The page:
COURTESY OF CREATED EQUAL
Students at the University of Toledo are confronted by photos graphically depicting abortion.
Created Equal, a national anti-abortion group infamous for deploying graphic depictions of abortions during campus visits, will be at Washington University today and St. Louis Community College tomorrow (October 9).
Its stated goal: to persuade young voters to vote pro-life.
A likely side effect the group seems almost eager to induce: a whole lot of controversy.
The graphic images that Created Equal plasters on its large signs depict real photographs of first and second trimester abortions. The group claims the materials used during its protests show the “gruesome reality of abortion” in order to “engage students in conversation about this human injustice.”
Mark Harrington, the national director of Created Equal, claims that many people identify as pro-choice by default and that only through graphic imagery will some people be persuaded otherwise. Because of this, he believes that Created Equal’s controversial tactics are more effective than a more traditional anti-abortion campaign.
“Justice must be seen to be understood,” says Harrington.
Created Equal is currently in the middle of a campus tour, with stops at 21 colleges throughout Missouri, Indiana, Tennessee and Florida. These states were not chosen at random; each of them have Senate elections taking place this year. Created Equal hopes to influence young voters at colleges in these key states to vote for pro-life candidates and policies.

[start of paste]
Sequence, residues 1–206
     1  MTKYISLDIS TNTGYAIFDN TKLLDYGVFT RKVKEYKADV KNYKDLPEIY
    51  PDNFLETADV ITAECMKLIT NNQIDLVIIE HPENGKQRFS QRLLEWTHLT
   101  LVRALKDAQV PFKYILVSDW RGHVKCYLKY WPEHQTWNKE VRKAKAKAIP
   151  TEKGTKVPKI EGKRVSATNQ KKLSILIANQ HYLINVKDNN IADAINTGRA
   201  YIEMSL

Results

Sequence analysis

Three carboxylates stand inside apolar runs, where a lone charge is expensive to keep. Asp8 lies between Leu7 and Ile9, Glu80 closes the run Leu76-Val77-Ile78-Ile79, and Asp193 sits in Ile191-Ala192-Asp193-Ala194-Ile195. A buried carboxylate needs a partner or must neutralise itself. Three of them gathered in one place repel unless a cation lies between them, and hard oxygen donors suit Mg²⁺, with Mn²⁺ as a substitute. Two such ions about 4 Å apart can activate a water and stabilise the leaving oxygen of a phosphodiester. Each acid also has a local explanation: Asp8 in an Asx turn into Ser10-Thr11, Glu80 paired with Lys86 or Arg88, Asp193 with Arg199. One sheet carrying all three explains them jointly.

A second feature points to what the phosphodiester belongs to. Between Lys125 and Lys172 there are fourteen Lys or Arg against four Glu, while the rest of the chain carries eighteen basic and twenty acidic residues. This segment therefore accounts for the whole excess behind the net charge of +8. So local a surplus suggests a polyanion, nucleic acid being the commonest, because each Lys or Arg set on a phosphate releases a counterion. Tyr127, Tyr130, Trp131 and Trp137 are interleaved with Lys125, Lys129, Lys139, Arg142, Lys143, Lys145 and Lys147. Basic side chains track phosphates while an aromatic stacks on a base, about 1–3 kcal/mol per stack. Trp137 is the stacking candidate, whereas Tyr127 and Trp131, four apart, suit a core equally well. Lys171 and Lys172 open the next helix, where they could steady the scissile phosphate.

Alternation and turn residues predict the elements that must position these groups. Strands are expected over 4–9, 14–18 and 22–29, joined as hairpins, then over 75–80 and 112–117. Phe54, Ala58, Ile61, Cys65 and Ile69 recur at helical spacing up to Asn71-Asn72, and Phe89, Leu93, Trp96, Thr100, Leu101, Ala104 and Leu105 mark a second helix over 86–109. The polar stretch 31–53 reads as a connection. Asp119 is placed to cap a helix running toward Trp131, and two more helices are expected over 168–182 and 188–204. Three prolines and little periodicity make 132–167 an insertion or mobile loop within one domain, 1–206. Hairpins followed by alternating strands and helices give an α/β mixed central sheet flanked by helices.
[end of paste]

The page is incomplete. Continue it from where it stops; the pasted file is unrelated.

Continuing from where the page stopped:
“College students are the future decision leaders,” says Harrington.
Susan McGinn, a spokeswoman for Wash U, says the university is aware of the group's plans, having seen its press release. But, she says, "We are not aware of them being invited or sponsored by any university group, and we expect that they will remain on the sidewalk at Skinker and Lindell and not actually on our campus."
According to Harrington, the Created Equal campaign usually receives a mixed response from its audience, with one faction opposing its message, another supporting it and a large number of observers in the middle. That section of middle-ground college students is the precise target for its pro-life campaigns.
Although, yeah, the organization seems to court pushback, too. A press release boasts, "We have faced problems with administration attempting to censor our content, police taking down our signs and violating our free speech rights, crowds of protestors, students stealing and vandalizing signs, our signs being thrown in the trash, and more."
While controversial, Harrington believes the graphic imagery is a persuasion tactic that has worked in the past.
“Successful social change reformers use victim photography,” he says, citing comparisons with the content in the group's anti-abortion campaign to photographs used in social reform campaigns for social work issues, the Civil War and the Holocaust.
“Historically speaking, we are on firm ground,” says Harrington.
The group will be at Washington University's campus, at the intersection of North Skinker and Lindell Boulevard, from 10 a.m. to 2 p.m. on Monday, October 8. It will move to St. Louis Community College’s Florissant Valley campus, at the plaza in front of Terry M. Fischer Theater, from 10 a.m. to 2 p.m. on Tuesday, October 9.